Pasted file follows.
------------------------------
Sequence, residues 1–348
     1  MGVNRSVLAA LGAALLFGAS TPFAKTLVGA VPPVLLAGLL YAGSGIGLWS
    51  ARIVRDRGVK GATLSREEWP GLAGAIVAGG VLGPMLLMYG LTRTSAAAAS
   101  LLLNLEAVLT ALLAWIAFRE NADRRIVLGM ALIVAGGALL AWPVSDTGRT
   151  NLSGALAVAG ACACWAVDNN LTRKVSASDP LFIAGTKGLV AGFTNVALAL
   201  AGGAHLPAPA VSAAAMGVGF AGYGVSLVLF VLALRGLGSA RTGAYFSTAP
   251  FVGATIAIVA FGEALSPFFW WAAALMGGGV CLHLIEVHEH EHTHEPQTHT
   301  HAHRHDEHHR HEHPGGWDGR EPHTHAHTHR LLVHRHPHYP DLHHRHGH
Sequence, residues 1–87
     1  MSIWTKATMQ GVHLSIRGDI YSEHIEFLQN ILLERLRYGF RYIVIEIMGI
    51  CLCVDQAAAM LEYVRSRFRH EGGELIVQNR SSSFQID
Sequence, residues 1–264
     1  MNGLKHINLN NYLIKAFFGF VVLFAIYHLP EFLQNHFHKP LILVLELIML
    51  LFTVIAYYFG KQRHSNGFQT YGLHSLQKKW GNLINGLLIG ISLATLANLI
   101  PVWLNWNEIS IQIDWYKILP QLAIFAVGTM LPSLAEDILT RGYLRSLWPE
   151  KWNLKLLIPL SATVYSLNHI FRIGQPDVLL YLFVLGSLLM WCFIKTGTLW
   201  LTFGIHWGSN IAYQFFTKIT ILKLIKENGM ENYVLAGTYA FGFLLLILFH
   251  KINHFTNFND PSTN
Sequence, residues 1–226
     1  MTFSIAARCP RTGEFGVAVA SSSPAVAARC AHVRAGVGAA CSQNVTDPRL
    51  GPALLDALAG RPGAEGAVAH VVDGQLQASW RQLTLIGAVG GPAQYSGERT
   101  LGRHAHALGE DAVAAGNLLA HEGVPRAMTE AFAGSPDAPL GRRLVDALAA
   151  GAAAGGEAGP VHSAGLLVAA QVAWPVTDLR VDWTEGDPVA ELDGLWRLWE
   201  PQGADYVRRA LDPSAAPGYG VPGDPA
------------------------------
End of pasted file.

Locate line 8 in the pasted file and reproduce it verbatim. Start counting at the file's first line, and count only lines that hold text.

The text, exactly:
   301  HAHRHDEHHR HEHPGGWDGR EPHTHAHTHR LLVHRHPHYP DLHHRHGH